The North Dakota Game and Fish Department has confirmed the presence of invasive zebra mussels in Twin Lakes, LaMoure County, after a local cabin owner reported adult mussels attached to a floating log over the weekend.
Aquatic nuisance species coordinator Ben Holen said subsequent follow-up sampling found a few other zebra mussels attached to woody debris. In addition, Game and Fish Department ANS staff processed plankton tow net samples collected from Twin Lakes June 22, and zebra mussel veligers were detected in those samples indicating a breeding population of mussels within the lake.
The 1,735-acre lake is a popular fishing destination located a few miles north of LaMoure. Twin Lakes is located approximately six miles from Lake LaMoure, which had a confirmed finding of zebra mussels in 2020.
Moving forward, Holen reminds lake visitors that everyone plays a key role in stemming the spread of mussels to lakes that are not infested.
“This situation is yet another example of the importance for all water enthusiasts including boaters, anglers and skiers, to be aware of aquatic nuisance species and to take all precautions to prevent their spread,” Holen said.
Prevention is the best way to avoid spreading ANS. They often travel by “hitchhiking” with unsuspecting lake-goers.
“Always clean, drain and dry boats and other equipment before using another lake,” Holen mentioned. “Also, don’t transfer lake water or live fish to another body of water. This can help stop the spread of not only zebra mussels, but most aquatic nuisance species that may be present.”
Twin Lakes is now considered a Class I ANS Infested water, joining Lake LaMoure, Lake Ashtabula, the lower portion of the Sheyenne River, and the Red River in this designation. Emergency rules will go into effect immediately to prohibit the movement of water away from the lake, including water for transferring bait. Notices will be posted at lake access sites. For the remainder of this summer, ANS watercraft inspections will be increased at Twin Lakes.
Zebra mussels are just one of the non-native aquatic species that threaten our waters and native wildlife. After using any body of water, people must remember to follow North Dakota regulations:
- Remove aquatic vegetation before leaving the water access and do not import into North Dakota.
- Drain all water before leaving the water access.
- Remove drain plugs and devices that hold back water and leave open and out during transport.
- Do not import bait. For Class I ANS Infested waters, bait cannot be transported in water. In all other areas, bait must be transported in a container that holds 5 gallons or less. Remember that it is illegal to dump unused bait on shore or into the lake.
In addition to North Dakota regulations, the Game and Fish Department strongly recommends:
- Avoid mooring watercraft in zebra mussel infested waters.
- Clean – remove plants, animals and excessive mud prior to leaving a water access.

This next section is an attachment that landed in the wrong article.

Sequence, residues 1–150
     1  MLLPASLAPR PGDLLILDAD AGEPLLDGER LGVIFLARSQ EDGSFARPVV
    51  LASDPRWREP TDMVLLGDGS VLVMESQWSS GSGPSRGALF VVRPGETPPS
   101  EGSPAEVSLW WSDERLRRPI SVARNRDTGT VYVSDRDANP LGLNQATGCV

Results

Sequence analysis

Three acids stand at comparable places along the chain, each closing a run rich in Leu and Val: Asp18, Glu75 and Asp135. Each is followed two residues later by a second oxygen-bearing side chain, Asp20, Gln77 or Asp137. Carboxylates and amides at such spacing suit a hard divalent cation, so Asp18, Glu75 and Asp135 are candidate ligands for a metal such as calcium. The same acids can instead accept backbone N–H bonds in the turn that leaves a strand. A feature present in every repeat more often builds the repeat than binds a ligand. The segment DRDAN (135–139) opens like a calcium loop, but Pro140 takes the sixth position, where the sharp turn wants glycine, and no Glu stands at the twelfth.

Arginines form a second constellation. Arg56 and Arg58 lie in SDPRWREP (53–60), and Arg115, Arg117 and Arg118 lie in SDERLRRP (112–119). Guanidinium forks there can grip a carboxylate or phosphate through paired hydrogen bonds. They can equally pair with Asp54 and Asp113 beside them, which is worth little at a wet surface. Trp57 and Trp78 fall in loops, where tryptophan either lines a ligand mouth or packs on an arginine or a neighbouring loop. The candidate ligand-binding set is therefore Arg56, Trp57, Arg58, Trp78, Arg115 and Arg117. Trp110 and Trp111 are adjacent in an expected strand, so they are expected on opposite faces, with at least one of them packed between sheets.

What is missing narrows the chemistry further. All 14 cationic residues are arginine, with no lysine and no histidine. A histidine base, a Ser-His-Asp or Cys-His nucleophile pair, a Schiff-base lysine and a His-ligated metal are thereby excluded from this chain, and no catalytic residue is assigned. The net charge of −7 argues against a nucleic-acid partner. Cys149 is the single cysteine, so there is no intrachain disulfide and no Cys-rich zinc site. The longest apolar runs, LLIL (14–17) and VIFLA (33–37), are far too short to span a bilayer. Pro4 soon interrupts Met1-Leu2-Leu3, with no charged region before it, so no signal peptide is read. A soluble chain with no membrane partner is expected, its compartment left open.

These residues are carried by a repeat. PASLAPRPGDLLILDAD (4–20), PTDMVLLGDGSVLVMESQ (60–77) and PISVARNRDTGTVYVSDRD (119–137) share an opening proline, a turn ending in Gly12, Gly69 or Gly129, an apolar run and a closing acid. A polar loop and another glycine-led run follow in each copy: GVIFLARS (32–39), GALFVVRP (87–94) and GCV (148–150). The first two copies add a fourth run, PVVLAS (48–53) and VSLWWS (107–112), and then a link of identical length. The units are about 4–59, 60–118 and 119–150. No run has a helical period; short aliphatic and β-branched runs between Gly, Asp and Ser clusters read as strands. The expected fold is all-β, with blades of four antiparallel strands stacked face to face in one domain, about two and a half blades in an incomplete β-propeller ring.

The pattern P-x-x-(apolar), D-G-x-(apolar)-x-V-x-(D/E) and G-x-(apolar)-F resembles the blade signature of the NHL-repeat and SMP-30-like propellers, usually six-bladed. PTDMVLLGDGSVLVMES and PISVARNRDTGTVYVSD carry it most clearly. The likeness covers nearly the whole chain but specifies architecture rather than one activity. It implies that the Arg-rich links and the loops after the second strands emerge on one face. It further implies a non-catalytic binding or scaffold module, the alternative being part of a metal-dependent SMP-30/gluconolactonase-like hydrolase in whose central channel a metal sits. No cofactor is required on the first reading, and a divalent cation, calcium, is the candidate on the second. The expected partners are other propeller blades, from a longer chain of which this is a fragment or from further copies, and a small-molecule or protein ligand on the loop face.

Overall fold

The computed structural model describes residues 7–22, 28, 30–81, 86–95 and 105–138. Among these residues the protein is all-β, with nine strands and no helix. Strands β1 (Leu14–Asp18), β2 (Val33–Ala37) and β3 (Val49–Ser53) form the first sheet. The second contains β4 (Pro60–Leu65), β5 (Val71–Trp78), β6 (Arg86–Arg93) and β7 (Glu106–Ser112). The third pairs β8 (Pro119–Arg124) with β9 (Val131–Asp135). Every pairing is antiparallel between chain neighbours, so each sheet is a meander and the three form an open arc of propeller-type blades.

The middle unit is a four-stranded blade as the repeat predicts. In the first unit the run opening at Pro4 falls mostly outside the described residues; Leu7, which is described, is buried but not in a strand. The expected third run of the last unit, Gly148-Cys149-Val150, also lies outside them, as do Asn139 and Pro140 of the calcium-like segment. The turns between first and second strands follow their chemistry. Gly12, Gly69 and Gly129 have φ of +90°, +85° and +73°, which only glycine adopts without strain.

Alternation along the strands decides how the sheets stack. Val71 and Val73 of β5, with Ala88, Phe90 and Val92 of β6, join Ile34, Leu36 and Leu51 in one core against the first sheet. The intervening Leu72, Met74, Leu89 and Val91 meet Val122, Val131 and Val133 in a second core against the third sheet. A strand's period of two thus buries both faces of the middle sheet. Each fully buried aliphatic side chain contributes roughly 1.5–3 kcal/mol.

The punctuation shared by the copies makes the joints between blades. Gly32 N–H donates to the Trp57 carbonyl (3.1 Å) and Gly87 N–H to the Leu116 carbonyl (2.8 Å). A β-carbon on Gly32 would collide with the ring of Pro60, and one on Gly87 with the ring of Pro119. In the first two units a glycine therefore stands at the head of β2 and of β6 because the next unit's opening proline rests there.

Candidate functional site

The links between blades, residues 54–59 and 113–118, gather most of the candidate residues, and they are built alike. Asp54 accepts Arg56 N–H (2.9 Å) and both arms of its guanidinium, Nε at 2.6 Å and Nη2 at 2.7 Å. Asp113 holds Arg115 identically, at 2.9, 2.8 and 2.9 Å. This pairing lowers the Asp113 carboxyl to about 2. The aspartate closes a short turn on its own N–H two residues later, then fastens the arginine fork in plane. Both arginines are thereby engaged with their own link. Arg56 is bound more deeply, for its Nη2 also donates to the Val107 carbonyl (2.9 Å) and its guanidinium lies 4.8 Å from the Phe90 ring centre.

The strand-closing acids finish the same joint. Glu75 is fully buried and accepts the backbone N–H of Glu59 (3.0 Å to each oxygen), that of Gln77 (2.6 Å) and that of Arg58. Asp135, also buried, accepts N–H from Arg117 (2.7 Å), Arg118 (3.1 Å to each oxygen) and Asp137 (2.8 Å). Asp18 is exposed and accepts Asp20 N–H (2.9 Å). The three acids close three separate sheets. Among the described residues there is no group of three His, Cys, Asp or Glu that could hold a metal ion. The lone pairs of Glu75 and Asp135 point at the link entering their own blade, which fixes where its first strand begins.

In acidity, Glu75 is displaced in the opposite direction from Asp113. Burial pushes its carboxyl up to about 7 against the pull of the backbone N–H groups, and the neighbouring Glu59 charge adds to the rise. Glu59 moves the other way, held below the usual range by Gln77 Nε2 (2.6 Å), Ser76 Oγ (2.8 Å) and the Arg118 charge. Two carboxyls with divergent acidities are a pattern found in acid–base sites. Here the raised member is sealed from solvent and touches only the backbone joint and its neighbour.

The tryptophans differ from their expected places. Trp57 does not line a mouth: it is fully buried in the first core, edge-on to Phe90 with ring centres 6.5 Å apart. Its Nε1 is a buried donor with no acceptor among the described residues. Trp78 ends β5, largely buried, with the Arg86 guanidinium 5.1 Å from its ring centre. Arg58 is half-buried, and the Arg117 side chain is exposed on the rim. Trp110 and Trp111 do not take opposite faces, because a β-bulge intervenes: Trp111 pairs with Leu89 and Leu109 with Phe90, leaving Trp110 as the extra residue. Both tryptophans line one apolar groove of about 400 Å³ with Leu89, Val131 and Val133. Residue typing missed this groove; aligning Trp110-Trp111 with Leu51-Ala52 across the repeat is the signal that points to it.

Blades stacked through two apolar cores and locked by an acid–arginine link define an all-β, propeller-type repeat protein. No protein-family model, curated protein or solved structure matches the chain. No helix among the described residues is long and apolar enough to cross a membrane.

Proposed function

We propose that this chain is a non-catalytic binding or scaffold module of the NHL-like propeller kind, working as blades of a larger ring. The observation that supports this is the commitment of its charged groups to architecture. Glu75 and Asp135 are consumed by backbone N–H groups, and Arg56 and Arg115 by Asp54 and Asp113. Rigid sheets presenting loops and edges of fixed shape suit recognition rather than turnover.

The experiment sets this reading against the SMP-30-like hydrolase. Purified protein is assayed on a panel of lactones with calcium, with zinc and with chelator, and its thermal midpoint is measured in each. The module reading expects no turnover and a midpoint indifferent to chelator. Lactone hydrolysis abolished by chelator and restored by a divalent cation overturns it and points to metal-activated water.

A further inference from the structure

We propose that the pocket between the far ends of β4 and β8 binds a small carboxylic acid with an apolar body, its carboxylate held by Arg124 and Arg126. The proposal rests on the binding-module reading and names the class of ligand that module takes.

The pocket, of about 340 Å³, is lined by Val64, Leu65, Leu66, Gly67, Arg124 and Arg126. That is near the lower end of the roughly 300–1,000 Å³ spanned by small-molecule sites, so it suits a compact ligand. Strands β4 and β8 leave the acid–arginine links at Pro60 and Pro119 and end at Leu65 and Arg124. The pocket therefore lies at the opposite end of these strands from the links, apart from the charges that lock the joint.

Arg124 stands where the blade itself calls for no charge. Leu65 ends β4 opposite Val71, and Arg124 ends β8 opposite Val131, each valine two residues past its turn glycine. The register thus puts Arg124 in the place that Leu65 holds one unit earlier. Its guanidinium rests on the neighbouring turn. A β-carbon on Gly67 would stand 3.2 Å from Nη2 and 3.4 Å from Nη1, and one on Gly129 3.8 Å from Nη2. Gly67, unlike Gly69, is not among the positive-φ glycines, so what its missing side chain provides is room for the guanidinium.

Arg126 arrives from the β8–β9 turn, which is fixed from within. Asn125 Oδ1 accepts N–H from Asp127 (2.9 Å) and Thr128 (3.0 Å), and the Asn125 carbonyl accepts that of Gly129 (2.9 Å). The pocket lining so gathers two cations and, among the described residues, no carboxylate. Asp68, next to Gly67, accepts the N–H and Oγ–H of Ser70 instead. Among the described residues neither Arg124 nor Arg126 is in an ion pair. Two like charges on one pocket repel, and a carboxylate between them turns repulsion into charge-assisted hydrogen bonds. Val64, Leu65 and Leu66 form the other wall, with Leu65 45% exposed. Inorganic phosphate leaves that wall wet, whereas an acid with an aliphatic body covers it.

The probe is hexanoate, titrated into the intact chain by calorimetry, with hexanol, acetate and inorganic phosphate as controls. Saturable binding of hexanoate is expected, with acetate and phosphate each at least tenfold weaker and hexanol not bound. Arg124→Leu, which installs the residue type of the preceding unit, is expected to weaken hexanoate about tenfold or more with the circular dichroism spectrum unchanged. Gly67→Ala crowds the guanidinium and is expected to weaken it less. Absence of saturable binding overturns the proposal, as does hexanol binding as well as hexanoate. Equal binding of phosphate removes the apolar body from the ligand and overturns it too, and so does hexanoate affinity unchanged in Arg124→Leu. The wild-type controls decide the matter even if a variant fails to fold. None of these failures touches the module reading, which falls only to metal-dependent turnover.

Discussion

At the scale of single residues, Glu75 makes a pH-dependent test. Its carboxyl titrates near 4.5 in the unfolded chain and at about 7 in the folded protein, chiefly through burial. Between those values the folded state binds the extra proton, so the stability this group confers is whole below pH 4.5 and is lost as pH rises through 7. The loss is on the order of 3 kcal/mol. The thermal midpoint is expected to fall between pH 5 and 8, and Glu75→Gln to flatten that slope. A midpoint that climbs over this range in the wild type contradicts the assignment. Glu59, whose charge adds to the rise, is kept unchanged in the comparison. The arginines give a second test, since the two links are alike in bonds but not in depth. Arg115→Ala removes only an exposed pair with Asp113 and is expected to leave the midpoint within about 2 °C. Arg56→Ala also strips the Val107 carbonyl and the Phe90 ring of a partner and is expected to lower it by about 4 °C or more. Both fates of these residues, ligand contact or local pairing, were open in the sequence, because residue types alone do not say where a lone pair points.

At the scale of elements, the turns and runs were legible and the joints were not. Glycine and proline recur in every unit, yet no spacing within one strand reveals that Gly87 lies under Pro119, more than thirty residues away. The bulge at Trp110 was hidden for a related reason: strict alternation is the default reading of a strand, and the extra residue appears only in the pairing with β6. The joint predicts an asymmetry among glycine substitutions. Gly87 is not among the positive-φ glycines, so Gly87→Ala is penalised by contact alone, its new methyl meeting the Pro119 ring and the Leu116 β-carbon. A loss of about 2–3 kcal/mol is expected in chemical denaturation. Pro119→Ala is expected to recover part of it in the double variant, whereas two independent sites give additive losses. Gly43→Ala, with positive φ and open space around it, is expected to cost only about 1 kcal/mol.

- Drain – drain all water prior to leaving a water access.
- Dry – allow equipment to dry completely before using again or disinfect. This includes boat docks and boat lifts brought from other waters/states. A 7-day dry time is recommended after recreating on a zebra mussel infested water at typical summer temperatures.
For more information about ANS in North Dakota, options for disinfection, or to report a possible ANS, visit https://gf.nd.gov/ans.
ABOUT ZEBRA MUSSELS
Zebra mussels are dime-sized mollusks with striped, sharp-edged, two-part shells. They can produce huge populations in a short time and do not require a host fish to reproduce. A large female zebra mussel can produce 1 million eggs, and then fertilized eggs develop into microscopic veligers that are invisible to the naked eye. Veligers drift in the water for at least two weeks before they settle out as young mussels which quickly grow to adult size and reproduce within a few months.
After settling, zebra mussels develop byssal threads that attach their shells to submerged hard surfaces such as rocks, piers, and flooded timber. They also attach to pipes, water intake structures, boat hulls, propellers, and submerged parts of outboard motors. As populations increase, they can clog intake pipes and prevent water treatment and electrical generating plants from drawing water. Removing large numbers of zebra mussels to ensure adequate water flow can be labor-intensive and costly.
Zebra mussels are native to the Black and Caspian seas of western Asia and eastern Europe and were spread around the world in the ballast water of cargo ships. They were discovered in Lake St. Clair and the Detroit River in 1988 and quickly spread throughout the Great Lakes and other rivers including the Mississippi, Illinois, Ohio, Tennessee, Arkansas and Hudson. They were first discovered in North Dakota in 2015 in the Red River. Moving water in boats has been identified as a likely vector, as has importing used boat lifts and docks.
Featured Photo: Zebra Mussels were found in Twin Lakes near LaMoure, N.D. over the holiday weekend. Boaters should be aware of the ease at which juvenile mussels can be transported in bilge and livewell water. Simonson Photo.